The attitude of banks around crypto is changing slowly, but it is still a tough stance. For the first partial cash out I operated around a year ago for a client, it took me months to find a bank. They wouldn’t want to even consider the case and we had to knock at each and every door. Despite all my contacts it was very difficult back in the days. This has changed now, and banks have started to open their doors, but there is a process, a set of best practices and codes one has to follow.
I often get requests from crypto guys who are very privacy-oriented, and it takes me months to have them understand that I am bound by Swiss law on banking secrecy, and I am their ally in this onboarding process. It’s funny how I have to convince people that banks are legit, while on the other side, banks ask me to show that crypto millionaires are legit. I have a solid background in both banking and in crypto so I manage to make the bridge, but yeah sometimes it is tough to reconcile the two worlds. I am a crypto enthusiast myself and I can say that after years of work in the banking industry I have grown disillusioned towards banks as well, like many of you. Still an account in a Private bank is convenient and powerful. So let’s get started.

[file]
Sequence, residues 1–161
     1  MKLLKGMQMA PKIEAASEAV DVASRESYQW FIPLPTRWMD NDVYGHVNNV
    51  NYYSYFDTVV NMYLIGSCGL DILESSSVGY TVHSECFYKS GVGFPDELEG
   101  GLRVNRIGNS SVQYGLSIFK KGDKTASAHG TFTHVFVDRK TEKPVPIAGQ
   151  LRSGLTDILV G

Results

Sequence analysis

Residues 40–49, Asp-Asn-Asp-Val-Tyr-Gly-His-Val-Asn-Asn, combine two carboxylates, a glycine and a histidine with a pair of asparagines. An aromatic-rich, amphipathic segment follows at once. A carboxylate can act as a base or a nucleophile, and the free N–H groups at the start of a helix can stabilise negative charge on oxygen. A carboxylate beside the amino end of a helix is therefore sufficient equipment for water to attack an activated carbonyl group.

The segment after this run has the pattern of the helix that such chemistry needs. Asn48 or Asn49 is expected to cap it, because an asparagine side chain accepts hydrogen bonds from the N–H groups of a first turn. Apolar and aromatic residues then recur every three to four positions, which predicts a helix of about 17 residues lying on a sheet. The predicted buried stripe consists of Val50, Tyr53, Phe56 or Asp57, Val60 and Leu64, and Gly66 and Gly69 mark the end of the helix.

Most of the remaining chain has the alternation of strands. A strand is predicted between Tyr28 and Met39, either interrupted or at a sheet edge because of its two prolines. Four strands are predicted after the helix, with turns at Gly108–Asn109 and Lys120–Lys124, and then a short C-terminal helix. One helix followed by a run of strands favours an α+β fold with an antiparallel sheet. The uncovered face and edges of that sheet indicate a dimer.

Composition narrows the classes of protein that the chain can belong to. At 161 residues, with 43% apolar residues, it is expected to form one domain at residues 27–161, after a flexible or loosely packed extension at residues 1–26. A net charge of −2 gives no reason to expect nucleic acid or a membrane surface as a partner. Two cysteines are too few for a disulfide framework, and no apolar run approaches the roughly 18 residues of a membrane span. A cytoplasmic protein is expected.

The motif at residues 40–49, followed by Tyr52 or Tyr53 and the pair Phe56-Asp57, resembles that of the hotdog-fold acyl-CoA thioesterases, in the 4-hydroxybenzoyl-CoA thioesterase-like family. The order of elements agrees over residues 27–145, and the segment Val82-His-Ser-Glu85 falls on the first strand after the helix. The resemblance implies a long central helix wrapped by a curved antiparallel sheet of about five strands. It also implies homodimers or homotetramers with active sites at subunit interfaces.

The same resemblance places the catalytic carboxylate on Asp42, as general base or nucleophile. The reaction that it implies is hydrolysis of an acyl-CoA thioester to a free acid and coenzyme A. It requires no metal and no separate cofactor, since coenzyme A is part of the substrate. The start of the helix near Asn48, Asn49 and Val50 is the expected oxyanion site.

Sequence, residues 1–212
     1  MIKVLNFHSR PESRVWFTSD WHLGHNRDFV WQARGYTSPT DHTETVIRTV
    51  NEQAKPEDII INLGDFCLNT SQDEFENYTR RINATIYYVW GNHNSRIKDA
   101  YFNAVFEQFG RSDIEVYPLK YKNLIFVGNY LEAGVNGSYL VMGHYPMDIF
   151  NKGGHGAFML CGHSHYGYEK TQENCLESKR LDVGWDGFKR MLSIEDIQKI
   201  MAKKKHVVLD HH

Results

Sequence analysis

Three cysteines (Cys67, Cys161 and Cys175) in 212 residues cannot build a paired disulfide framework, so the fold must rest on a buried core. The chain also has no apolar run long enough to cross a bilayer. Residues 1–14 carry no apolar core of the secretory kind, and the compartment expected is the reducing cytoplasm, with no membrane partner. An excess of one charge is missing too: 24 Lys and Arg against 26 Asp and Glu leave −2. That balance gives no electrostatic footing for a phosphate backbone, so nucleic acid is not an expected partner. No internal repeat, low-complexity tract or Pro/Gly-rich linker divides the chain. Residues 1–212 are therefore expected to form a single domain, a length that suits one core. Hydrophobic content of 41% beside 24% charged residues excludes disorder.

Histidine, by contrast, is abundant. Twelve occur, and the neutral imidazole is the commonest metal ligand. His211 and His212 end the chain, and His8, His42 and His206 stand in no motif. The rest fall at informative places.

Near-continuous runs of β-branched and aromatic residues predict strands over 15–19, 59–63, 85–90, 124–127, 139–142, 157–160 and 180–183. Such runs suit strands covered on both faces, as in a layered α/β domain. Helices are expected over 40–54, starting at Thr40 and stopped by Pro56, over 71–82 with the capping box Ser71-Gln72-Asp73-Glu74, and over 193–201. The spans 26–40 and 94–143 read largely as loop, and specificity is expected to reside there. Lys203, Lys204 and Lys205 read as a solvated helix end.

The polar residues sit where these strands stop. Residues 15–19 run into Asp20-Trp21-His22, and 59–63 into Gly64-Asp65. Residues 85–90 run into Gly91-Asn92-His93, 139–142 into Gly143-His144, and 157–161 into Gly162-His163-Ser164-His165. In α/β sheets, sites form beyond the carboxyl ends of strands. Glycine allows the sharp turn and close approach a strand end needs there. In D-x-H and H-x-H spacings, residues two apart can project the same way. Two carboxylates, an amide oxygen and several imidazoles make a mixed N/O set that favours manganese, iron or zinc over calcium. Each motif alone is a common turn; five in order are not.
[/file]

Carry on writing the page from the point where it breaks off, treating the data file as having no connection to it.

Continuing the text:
There are two different aspects to your onboarding in a Swiss Private bank, compliance-wise.
*The origin of your crypto wealth
*Your background (residence, citizenship and probity)
These two aspects must be documented in-depth.
How to document your crypto wealth. Each new crypto millionaire has a different story. I may detail a few fun stories later in this post, but at the end of the day, most of crypto rich I have met can be categorized within the following profiles: the miner, the early adopter, the trader, the corporate entity, the black market, the libertarian/OTC buyer. The real question is how you prove your wealth is legit.
1. Context around the original amount/investment Generally speaking, your first crypto purchase may not be documented. But the context around this acquisition can be. I have had many cases where the original amount was bought through Mtgox, and no proof of purchase could be provided, nor could be documented any Mtgox claim. That’s perfectly fine. At some point Mtgox amounted 70% of the bitcoin transactions globally, and people who bought there and managed to withdraw and keep hold of their bitcoins do not have any Mtgox claim. This is absolutely fine. However, if you can show me the record of a wire from your bank to Tisbane (Mtgox's parent company) it's a great way to start.